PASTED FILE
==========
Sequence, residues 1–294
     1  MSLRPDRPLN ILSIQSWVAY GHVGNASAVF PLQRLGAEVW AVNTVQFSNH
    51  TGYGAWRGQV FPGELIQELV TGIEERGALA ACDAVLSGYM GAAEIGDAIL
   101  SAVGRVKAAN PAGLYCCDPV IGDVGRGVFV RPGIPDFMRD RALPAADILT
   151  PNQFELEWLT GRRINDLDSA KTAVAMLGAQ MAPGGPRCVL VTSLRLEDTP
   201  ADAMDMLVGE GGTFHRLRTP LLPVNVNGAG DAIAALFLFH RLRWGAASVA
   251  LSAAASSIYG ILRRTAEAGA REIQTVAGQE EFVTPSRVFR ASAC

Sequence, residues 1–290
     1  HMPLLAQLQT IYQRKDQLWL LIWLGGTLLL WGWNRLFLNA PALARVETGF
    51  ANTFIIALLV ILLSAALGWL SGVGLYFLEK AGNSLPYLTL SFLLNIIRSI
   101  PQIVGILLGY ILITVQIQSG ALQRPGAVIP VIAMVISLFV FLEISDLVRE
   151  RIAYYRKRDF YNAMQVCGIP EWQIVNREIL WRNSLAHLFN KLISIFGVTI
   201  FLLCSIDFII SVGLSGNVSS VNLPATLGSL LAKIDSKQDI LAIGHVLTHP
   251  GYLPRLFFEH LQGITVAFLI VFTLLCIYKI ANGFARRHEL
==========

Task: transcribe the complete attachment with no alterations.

Sequence, residues 1–294
     1  MSLRPDRPLN ILSIQSWVAY GHVGNASAVF PLQRLGAEVW AVNTVQFSNH
    51  TGYGAWRGQV FPGELIQELV TGIEERGALA ACDAVLSGYM GAAEIGDAIL
   101  SAVGRVKAAN PAGLYCCDPV IGDVGRGVFV RPGIPDFMRD RALPAADILT
   151  PNQFELEWLT GRRINDLDSA KTAVAMLGAQ MAPGGPRCVL VTSLRLEDTP
   201  ADAMDMLVGE GGTFHRLRTP LLPVNVNGAG DAIAALFLFH RLRWGAASVA
   251  LSAAASSIYG ILRRTAEAGA REIQTVAGQE EFVTPSRVFR ASAC

Sequence, residues 1–290
     1  HMPLLAQLQT IYQRKDQLWL LIWLGGTLLL WGWNRLFLNA PALARVETGF
    51  ANTFIIALLV ILLSAALGWL SGVGLYFLEK AGNSLPYLTL SFLLNIIRSI
   101  PQIVGILLGY ILITVQIQSG ALQRPGAVIP VIAMVISLFV FLEISDLVRE
   151  RIAYYRKRDF YNAMQVCGIP EWQIVNREIL WRNSLAHLFN KLISIFGVTI
   201  FLLCSIDFII SVGLSGNVSS VNLPATLGSL LAKIDSKQDI LAIGHVLTHP
   251  GYLPRLFFEH LQGITVAFLI VFTLLCIYKI ANGFARRHEL